(a) The state shall not discriminate against, or grant preferential treatment to, any individual or group on the basis of race, sex, color, ethnicity, or national origin in the operation of public employment, public education, or public contracting.

(b) This section shall apply only to action taken after the section's effective date.

(c) Nothing in this section shall be interpreted as prohibiting bona fide qualifications based on sex which are reasonably necessary to the normal operation of public employment, public education, or public contracting.

(d) Nothing in this section shall be interpreted as invalidating any court order or consent decree which is in force as of the effective date of this section.

(e) Nothing in this section shall be interpreted as prohibiting action which must be taken to establish or maintain eligibility for any federal program, where ineligibility would result in a loss of federal funds to the state.

(f) For the purposes of this section, "state" shall include, but not necessarily be limited to, the state itself, any city, county, city and county, public university system, including the University of California, community college district, school district, special district, or any other political subdivision or governmental instrumentality of or within the state.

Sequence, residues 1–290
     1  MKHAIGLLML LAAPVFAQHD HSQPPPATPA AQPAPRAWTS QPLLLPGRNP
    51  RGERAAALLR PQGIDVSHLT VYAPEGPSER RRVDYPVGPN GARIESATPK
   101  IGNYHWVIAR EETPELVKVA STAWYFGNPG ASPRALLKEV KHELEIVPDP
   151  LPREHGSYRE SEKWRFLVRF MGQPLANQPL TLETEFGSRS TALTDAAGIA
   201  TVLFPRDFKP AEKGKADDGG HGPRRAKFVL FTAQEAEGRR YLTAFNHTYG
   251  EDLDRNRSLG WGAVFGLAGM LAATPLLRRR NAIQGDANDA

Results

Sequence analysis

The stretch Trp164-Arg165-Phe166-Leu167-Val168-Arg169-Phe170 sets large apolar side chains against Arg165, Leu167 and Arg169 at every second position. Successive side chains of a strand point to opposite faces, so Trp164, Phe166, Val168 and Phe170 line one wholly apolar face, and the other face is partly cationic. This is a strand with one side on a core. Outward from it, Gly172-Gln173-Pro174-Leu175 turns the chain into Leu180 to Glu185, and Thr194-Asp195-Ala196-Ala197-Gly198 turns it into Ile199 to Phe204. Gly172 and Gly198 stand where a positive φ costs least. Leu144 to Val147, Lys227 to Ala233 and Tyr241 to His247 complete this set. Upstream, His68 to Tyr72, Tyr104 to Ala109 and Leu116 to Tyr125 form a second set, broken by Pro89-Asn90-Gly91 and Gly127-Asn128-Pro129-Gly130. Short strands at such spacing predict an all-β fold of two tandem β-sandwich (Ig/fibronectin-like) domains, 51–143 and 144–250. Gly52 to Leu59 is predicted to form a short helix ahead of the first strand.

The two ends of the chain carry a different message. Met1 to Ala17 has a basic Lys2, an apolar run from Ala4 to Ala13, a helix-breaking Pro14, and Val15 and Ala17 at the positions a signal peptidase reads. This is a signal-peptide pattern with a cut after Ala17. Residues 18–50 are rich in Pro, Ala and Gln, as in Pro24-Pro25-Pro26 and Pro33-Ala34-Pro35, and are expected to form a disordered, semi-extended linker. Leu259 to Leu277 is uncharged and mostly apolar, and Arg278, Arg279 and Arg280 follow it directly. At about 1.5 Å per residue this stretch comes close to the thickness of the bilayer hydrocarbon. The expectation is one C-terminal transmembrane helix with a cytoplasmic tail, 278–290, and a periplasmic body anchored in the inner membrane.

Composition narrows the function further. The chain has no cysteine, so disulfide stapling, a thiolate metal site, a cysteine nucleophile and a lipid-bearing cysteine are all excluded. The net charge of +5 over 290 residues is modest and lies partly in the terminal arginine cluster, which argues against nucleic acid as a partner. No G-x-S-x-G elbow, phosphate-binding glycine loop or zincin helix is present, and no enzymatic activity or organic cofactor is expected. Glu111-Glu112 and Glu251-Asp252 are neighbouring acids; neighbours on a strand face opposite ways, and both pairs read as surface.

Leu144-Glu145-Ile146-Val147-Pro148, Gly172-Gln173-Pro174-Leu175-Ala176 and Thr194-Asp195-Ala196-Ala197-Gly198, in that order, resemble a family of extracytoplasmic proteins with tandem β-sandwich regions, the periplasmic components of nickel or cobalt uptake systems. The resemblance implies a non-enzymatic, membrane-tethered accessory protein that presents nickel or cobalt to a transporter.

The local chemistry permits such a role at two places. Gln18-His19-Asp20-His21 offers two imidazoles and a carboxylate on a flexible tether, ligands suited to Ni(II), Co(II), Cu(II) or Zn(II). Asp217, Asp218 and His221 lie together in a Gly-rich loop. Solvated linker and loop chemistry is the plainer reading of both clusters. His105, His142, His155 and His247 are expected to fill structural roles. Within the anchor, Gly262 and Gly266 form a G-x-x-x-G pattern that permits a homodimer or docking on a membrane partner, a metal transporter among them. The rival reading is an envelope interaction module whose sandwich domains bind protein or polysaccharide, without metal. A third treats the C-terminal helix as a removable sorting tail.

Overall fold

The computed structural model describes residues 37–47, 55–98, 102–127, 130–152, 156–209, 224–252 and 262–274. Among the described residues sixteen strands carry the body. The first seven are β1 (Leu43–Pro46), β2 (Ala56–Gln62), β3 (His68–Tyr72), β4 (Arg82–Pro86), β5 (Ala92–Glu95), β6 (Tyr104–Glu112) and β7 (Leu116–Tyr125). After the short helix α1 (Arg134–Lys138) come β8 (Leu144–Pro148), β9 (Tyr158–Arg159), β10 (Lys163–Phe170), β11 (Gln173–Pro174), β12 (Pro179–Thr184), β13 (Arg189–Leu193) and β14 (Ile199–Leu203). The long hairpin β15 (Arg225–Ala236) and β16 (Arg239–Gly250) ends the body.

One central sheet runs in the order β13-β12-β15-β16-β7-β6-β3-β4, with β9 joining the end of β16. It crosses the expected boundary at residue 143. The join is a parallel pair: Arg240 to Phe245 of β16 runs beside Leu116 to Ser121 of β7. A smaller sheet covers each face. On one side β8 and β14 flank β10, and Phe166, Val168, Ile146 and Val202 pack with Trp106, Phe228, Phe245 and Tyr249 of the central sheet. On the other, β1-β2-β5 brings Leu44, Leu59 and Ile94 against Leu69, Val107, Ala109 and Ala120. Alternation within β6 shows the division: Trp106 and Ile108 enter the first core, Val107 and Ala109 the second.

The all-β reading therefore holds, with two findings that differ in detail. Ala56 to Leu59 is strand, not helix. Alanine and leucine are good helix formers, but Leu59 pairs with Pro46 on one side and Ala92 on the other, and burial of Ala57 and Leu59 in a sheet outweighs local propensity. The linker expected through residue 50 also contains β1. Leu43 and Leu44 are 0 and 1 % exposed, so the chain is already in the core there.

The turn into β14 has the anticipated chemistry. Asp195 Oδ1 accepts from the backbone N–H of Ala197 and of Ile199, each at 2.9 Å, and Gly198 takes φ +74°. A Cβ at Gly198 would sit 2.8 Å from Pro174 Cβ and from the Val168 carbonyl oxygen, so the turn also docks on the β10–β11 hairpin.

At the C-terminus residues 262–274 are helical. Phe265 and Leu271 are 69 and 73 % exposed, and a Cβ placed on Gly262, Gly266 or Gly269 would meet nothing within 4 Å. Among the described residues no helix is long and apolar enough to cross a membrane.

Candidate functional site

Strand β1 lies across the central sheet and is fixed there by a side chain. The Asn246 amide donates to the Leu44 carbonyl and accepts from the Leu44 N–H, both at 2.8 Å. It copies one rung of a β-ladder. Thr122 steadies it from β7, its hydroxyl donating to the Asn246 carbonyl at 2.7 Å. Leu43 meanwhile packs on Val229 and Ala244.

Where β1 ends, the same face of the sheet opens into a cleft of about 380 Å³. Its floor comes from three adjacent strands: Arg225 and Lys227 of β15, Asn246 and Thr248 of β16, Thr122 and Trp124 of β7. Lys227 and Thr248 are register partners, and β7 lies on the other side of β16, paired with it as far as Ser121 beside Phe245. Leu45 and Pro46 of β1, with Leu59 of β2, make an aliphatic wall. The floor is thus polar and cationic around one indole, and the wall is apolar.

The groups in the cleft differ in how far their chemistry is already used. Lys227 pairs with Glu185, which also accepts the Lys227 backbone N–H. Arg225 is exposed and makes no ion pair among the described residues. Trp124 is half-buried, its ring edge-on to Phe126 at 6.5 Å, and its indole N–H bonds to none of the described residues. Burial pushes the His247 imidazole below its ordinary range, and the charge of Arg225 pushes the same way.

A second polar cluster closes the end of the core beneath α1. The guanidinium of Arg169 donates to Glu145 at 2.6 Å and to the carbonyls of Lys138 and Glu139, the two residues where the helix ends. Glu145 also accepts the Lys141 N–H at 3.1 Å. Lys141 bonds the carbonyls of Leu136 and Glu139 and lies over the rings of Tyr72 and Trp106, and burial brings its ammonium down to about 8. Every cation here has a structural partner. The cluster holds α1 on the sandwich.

(g) The remedies available for violations of this section shall be the same, regardless of the injured party's race, sex, color, ethnicity, or national origin, as are otherwise available for violations of then-existing California antidiscrimination law.

(h) This section shall be self-executing. If any part or parts of this section are found to be in conflict with federal law or the United States Constitution, the section shall be implemented to the maximum extent that federal law and the United States Constitution permit. Any provision held invalid shall be severable from the remaining portions of this section. [ [ Text of Proposition 209] ]

Use of Proxies

Wall Street Journals reported that "In the handful of states that have already banned or restricted affirmative action, some universities use what many educators call "proxies" -- ostensibly race-neutral criteria, such as interest in Critical Race Studies, that mainly attract minority applicants." Students which express interest in program such as Critical Race Studies program are held to a lower standard of grades and test scores. []